Pelicans players help Kenrich Williams off the floor

Pelicans seeking consistency amid various key injuries, forced lineup changes

by Jim Eichenhofer

Consistency. It’s a word that seems relatively straightforward to achieve, but amid a series of injuries, one of the NBA’s toughest schedules and several what-might-have-been, crunch-time losses, it has remained elusive for New Orleans. The Pelicans posted five wins over a 12-day span in November, but began the season at 1-7 and are now trying to stop a six-game losing streak.

Fifth-year head coach Alvin Gentry spent part of his Wednesday post-practice media sesssion addressing speculation about Zion Williamson’s health – nothing has changed related to the No. 1 overall pick’s status, per Gentry – and how the Pelicans (6-15) can right themselves. New Orleans won three straight home games in mid-November, but part of the current stretch includes three home defeats to the Lakers, Oklahoma City and Dallas.

“The big thing for us is we’ve got to do a better job overall,” Gentry said. “I’ve got to do a better job in the consistency of our rotations. That’s tough on a (player), when some nights he plays, and some nights he doesn’t. We’re definitely going to have to shorten the rotation and have consistency in what we’re doing there.”

Part of the problem has been that every time the Pelicans have tried to establish a familiar starting group, key players have been sidelined. New Orleans has trotted out 13 different starting lineups in its 21 games, with no Pelican appearing in every game, the result of injuries. In fact, only Jrue Holiday (19 starts) has been in the first string more than 17 times, while 12 different players have appeared at least once as a starter, including NBA rookies Jaxson Hayes (eight starts) and Nicolo Melli (three).

Even among the handful of NBA teams that have struggled more than New Orleans record-wise at the outset of the 2019-20 season, none have experienced as much overall lineup shuffling, including Golden State (11 total starters, 12 different lineups), Atlanta (10, 8), Cleveland (7, 4) and New York (12, 9).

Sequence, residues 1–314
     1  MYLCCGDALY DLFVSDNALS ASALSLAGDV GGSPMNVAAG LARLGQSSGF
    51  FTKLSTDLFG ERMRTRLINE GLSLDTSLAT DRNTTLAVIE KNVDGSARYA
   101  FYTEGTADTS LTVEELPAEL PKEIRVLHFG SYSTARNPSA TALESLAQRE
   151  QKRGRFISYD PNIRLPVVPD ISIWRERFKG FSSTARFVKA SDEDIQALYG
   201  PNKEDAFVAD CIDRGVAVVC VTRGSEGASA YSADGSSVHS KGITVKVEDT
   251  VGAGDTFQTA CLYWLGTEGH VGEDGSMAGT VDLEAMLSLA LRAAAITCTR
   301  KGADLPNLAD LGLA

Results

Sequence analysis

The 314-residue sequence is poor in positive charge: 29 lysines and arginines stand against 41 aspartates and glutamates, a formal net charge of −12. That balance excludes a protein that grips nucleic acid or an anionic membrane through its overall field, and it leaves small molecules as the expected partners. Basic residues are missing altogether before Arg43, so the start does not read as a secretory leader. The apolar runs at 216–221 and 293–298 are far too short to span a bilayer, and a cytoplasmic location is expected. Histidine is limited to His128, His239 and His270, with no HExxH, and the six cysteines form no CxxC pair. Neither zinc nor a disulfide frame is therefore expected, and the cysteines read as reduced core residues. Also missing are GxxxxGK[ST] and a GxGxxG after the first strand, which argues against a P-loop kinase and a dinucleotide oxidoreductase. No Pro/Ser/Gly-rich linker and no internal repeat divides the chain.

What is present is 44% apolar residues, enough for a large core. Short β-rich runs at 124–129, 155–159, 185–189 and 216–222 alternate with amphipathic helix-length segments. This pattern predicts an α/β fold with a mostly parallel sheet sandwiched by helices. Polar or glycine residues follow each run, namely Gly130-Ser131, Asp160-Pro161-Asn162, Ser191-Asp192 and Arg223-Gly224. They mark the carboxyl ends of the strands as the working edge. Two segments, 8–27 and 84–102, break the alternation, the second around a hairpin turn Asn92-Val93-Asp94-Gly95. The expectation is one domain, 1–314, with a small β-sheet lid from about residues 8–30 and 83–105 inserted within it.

“That’s the tough part of trying to establish consistency in your rotation and minutes played,” Gentry said. “Simply because the availability becomes a key point in all of this stuff. We’ve got to have the guys available so we can get that established. Things have happened – and obviously some personal things – that you can’t do anything about.”

Gentry noted that Kenrich Williams, who previously missed games due to an ankle sprain, is temporarily away from the team due to the birth of his child. Derrick Favors has been a DNP in recent games for personal reasons and it’s uncertain when he will return to the team.

One of New Orleans’ most impressive victories of ’19-20 came Nov. 14 vs. the Clippers, with Williams and Favors as the starting power forward and center, respectively, but since then, Favors has only played a total of eight minutes, initially out of action due to back spasms. Dating back to last season, Williams had appeared in 53 consecutive games, prior to missing the first two games of a current three-game New Orleans homestand.

“At some stage we have to get to the point where (every player) has the feeling that I’m going to go in and play these (amount of) minutes,” Gentry said. “Obviously that changes if someone is going great (within a specific game) or there if foul trouble, but we have to get to that.”

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